Category Archives: Game Production
Prior to doing their final Game Production projects, students at the Los Angeles Film School take a course called Concepting and Preprodution. The first half of this course involves each student creating a PowerPoint presentation for pitching a game concept of his or her choice. The students then all pitch their concepts to a Greenlight Committee consisting of faculty and other members of the school staff, who afterwards deliberate in private and select one or more projects for the students to develop as their Final Project.
Once informed of the Greenlight Committee’s decision, the students then break into development teams and spend the last half of the course creating a game design document, technical design document, asset document, and schedule for the development work to be done in their following courses, Game Production 1 & 2.
After serving on several Greenlight Committees, I found that many students did not provide the members with the information necessary to truly understand the game being propose, while others spent far too much time on story or other details that really did not impact the Committee’s decision. So I decided to create the following template for the students to use, and it seems to have worked out well.
The first slide presents the game’s title and key art, as well as the student’s name. While this slide is displayed, students introduce themselves and the game they are pitching. This gives the students an opportunity to grab the Committe’s attention before launching into the details of their game.
Students say their elevator pitches while displaying an overview of the game’s essential aspects: it’s genre, theme (setting), play value (what makes it fun to play), a well-known game that’s similar, what features will make the student’s game different from the competition, and what game engine will be used to develop the game. This overview provides the Committee with a high-level understanding of the game, providing context for when the student begins discussing the details.
Students describe the game’s goals, core mechanics the player uses to achieve those goals, and the obstacles that determine the difficulty of performing the mechanics’ actions successfully. Students are also encouraged to include a diagram that illustrates how the mechanics work in relation to the game objects.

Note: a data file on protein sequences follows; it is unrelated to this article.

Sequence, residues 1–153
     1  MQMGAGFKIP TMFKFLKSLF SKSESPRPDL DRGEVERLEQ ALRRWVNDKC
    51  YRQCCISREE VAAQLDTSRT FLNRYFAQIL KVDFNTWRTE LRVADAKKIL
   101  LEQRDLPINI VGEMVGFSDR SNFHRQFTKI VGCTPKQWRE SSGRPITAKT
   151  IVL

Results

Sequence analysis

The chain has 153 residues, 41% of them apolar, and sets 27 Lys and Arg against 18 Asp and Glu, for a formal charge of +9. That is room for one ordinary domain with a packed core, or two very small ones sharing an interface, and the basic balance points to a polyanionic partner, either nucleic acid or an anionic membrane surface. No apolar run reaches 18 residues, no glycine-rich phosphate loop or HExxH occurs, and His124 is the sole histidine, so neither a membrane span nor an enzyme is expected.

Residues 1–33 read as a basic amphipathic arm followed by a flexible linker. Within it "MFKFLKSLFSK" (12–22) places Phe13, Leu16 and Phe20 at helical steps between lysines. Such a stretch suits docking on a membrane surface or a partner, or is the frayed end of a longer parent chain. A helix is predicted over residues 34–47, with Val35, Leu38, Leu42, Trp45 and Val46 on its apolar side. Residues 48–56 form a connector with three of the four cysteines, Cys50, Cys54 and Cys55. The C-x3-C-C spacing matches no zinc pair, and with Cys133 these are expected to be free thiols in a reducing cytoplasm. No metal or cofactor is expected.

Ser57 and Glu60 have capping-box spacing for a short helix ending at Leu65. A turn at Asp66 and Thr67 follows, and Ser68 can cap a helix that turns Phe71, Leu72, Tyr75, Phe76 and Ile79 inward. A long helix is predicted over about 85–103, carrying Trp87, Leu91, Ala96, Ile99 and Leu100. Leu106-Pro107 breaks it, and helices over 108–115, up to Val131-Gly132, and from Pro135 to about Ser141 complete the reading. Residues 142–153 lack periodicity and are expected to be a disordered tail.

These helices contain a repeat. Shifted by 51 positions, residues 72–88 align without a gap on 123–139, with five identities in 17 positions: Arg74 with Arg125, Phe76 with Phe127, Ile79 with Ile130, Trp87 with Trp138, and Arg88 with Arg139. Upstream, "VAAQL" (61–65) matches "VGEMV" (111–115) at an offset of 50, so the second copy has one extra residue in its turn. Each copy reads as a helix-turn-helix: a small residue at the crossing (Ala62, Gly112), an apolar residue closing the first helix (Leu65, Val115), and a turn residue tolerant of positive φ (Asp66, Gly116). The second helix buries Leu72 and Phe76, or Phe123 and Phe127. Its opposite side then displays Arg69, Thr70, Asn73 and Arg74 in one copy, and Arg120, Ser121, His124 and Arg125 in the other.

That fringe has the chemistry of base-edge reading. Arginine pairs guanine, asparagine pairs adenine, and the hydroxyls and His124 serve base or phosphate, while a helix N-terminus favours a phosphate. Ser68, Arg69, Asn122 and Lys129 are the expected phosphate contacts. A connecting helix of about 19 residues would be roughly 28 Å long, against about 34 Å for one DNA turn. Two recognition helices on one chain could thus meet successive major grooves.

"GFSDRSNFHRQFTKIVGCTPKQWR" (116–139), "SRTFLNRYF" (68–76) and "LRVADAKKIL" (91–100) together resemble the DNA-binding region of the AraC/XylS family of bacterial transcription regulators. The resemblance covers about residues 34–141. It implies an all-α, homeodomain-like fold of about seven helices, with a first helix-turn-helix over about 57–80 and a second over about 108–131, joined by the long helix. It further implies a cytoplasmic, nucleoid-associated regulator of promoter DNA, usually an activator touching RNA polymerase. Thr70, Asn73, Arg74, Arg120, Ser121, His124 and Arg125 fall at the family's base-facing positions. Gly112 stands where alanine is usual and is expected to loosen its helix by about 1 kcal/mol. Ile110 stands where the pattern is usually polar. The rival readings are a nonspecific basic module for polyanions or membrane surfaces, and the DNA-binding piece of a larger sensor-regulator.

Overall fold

Students describe the resources used to “fuel” the mechanics, along with any other ways those resources are produced and consumed. Finally, the students explain the different ways the game concludes through a win, loss and/or a draw so that the Greenlight Committee understands the player’s goals.
Students explain the control scheme for the player’s use of keyboard, controller, mouse or other input device; the camera perspective used; and where game state information is displayed on the screen. Their PowerPoint should include a wireframe or other mock-up of the game screen and highlight the elements being discussed.
If the game has any semblance of a story, students give a short synopsis of its narrative in terms of its protagonist, antagonists, backstory, complication, and resolution, as well as the number of levels in the game. Because some students create overly-elaborate stories for their games, we limit the overall presentation to 8 minutes and begin to give warnings about going over the time limit at about this time in the presentation.
Students have the option to play samples of their choice of music for the game, including its main theme, low-key music (such as for an exploration mode), and intense music (such as during a combat mode). The music is embedded into the slide and played by clicking on a Speaker icon.
Students name who they would like to have on their team and the roles to which each would be assigned. Our rules are is that the Project Manager, Lead Audio, and Marketing person must have at least one other role, and that the Lead Programmer cannot have any other role. This prevents students from being assigned too much responsibility or too little.
Finally, students are required to explain at least three risks that might cause their project to be unsuccessful and what steps they can take to mitigate those risks. The one risk they are not permitted to list is “No enough time”, since they are required to pitch concepts of an appropriate scope to be done in the two months they have to produce the game.
This final slide informs the Committee that the presentation is done and invites them to ask the students follow-up questions.
As I wrote above, this template seems to have worked well for our student’s Greenlight Presentations, and perhaps it would work well for you when you need to pitch a small-scale game project.
People who don’t work in game development might be surprised by how much time game developers spend in meetings. At most game companies I’ve worked at, I spend about half my time at my workstation and the other half in meetings on a typical day. Both are work, but if the meetings aren’t run well, people’s time are not used as productively as it could be.
Most development teams begin their day with a meeting to update everyone with the team’s progress on the previous day. Many of these teams have adopted the daily stand-up approach for these morning meetings. As conceived by the Scrum agile development methodology, these Daily Stand-ups are governed by the following rules to keep the meetings short and productive: